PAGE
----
Saturday, March 19, 2011

Sometimes you need a win.


First and most importantly, I urge you to buy/borrow/take out from your local library this book, Nowhere to Be Home, narratives from Survivors of Burma's Military Regime. You can find it here or here. And probably some other places too. It's part of the Voice of Witness non-profit book series, founded by my hero, Dave Eggers, which uses oral history to illuminate human rights crises around the world. And if you're already checking out after reading that sentence, because human rights crises immediately raises red flags of sadness in your head, then I really beg you to reconsider. I know that sometimes the world is too sad. God knows the last few weeks have been tremendously and sometimes viciously sad. I know we want to turn inward when the world is like that, to surround ourselves with light and fluff and silliness. I love light and fluff and silliness and I frequently surround myself with those things. But I also realize the important of every once in a while, looking outward, opening our eyes and ears and hearts to other's voices.

And this book is such a great way to do that. No one will be giving you a history lecture. No one will be reading off a dry account of political events. These are people's lives and stories right there on the page, and even though their circumstances may be overwhelmingly different from our own, the circumstances of people raised in a closed world full of oppression, I guarantee that you will find something in their voices that is relatable. Because that's the thing about opening ourselves up to the world. Yes we may find sadness and cruelty and violence, but there will also be reassurance in our own universality, that this world isn't nearly as big and scary as it seems on the news, that in reality its much smaller and more immediate and familiar, that people across oceans and continents who speak different languages and eat different foods are ultimately very much like us or the people we love.

And that's freaking wonderful. That's the very foundation of all of my hope and all of my optimism, that the world will never be beyond saving because the people in it, no matter where they are or what they may be involved in, share a single, common, beautiful humanity, one that transcends culture and politics and religion.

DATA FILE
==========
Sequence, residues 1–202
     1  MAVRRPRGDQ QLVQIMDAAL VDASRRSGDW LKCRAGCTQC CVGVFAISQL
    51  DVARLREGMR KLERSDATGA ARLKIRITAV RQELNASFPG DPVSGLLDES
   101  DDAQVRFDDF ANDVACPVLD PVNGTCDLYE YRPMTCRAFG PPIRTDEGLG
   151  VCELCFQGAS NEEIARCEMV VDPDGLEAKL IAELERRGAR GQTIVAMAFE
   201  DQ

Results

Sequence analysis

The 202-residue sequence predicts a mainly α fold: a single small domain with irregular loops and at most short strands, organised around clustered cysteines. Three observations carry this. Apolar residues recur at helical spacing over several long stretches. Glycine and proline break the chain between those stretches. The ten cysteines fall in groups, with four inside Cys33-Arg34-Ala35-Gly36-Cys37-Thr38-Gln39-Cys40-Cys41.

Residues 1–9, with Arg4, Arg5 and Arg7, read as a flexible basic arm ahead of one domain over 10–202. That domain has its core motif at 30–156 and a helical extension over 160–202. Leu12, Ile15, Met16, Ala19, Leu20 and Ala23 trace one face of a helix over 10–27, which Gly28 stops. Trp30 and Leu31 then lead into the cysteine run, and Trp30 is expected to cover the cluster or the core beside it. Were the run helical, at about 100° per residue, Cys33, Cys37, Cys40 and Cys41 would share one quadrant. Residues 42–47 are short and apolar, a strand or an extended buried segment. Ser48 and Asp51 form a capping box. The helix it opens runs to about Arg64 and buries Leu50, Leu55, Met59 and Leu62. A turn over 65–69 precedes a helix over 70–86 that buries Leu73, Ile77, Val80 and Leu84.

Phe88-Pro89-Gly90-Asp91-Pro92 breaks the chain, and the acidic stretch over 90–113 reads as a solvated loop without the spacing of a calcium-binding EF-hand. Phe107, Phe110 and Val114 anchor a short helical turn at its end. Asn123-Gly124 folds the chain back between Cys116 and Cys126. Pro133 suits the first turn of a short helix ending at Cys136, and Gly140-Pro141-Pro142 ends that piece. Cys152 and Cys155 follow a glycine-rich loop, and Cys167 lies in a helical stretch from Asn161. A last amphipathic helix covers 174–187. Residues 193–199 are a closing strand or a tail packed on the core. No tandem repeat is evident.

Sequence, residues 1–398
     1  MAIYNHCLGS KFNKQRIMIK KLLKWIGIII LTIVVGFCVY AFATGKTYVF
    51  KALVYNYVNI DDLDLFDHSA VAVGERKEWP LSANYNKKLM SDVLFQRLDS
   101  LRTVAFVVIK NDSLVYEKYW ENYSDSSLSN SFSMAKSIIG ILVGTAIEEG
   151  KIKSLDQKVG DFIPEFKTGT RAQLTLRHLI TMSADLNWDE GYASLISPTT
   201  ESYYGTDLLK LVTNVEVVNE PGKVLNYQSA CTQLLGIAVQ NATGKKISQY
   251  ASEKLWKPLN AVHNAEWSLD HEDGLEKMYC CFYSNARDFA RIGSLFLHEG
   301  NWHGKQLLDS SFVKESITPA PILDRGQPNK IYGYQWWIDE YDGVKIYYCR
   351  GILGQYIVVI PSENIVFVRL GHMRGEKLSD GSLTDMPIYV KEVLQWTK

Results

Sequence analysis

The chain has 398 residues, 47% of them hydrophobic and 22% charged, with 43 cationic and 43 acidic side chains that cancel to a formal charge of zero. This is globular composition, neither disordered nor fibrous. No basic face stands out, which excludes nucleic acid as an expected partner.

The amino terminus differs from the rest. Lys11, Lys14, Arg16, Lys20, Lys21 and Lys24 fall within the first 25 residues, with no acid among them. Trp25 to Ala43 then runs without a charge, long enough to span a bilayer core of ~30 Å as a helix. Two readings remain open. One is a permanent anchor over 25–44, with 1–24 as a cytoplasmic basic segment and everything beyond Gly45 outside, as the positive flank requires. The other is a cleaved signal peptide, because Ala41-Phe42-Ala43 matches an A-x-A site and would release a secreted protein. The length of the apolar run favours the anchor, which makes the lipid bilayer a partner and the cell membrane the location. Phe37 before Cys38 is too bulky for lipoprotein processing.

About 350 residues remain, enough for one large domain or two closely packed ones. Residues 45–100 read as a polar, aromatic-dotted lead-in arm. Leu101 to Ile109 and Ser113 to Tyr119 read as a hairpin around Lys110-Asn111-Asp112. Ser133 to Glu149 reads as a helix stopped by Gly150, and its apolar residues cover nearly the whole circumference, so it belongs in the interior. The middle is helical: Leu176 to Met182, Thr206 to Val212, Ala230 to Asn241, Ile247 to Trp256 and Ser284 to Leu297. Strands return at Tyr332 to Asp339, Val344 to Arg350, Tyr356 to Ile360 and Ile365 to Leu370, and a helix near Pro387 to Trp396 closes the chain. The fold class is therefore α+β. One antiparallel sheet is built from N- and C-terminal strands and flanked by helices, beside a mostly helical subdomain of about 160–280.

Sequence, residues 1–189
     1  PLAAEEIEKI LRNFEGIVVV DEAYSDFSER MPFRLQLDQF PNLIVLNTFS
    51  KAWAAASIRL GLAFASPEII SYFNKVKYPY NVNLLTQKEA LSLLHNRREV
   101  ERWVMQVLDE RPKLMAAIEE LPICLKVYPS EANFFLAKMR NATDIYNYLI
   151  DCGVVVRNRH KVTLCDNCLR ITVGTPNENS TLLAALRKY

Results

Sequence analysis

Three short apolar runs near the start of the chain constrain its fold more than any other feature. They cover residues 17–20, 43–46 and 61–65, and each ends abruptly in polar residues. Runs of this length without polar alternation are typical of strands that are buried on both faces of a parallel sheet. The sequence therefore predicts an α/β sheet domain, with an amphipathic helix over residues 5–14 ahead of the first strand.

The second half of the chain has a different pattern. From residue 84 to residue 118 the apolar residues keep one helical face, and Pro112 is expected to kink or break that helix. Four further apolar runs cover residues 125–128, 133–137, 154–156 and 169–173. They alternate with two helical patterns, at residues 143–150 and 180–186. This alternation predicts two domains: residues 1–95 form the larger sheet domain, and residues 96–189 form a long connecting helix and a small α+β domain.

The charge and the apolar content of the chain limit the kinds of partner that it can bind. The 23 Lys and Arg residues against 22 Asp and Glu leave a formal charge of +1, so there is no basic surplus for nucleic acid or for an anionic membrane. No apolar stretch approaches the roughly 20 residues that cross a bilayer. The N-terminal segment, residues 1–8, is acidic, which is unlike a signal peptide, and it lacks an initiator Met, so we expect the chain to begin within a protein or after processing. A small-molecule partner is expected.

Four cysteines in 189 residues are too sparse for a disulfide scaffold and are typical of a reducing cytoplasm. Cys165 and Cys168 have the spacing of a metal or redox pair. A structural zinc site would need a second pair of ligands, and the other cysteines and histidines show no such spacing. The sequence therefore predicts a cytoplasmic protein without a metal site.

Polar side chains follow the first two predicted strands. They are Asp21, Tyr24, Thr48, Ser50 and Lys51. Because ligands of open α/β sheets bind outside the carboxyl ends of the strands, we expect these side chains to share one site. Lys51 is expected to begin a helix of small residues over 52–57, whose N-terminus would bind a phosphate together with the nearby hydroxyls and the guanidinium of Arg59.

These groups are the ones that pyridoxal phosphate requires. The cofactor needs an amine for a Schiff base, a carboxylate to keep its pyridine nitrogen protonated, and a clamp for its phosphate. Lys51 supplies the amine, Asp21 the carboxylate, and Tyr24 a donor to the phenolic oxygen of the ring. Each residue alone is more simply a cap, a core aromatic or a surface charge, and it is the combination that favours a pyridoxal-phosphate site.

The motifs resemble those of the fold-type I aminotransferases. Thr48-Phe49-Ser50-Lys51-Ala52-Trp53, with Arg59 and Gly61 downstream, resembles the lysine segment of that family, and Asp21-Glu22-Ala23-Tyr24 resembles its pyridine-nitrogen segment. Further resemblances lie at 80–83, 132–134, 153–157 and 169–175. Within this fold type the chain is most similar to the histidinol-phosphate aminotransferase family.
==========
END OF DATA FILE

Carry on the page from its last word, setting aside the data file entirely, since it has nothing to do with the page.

So sorry to get super deep. But I just really encourage anyone to buy this book. Even if you know nothing about Burma, these people's stories will change you and move you and make you better for having heard them. 

And my second and far less significant point tonight is that somewhere between the covers of this book is my name, printed in neat type under the list of transcribers. It's in small print and it was a small contribution compared to what others did, but still...

My name is on this. My name will always be on this. My name is associated with something that Dave Eggers (did I mention he was my hero?) is associated with. My name is associated with this beautiful history of this incredible, vibrant country that has managed to survive and to hope and to fight in the face of opposition that I can not even begin to understand. My name is associated with these inspiring, heroic Burmese people who sometimes put their lives at risk just to tell their stories, in the hope that those stories would have the power to lend itself to a movement of change. 

I'm very proud of this. Because as a writer a lot of your "moments" are losses, rejections or set-backs that define you and make you better and stronger. That's just the nature of the game. But this is a win, a win I really needed, and a win that had everything to do with writing in the most literal sense of the word and nothing at all to do with me. It was so wonderful and such a blessing to put aside my voice for a little while to help give these people their's.

And in the process, over hours of listening to audio files and copying down what was said, I fell in love with a country I have never seen in person, but which came alive to me from their words. In my experience the only thing that has made the world smaller is traveling, actually seeing a country and its people. But this experience made the world smaller for me without ever having to leave my home. A nation came into focus from a million miles away. Its faces grew clearer. Its heart beat grew loud and impossible to ignore, a beat of stubborn hope that cannot and will not die, even if the only thing that sustains it is a story of freedom, passed down in whispers.

I hope you will read this book. I hope you will hear these people's voices and see their faces and join them and support them and believe with them in that oh so universal and oh so human dream of change. 
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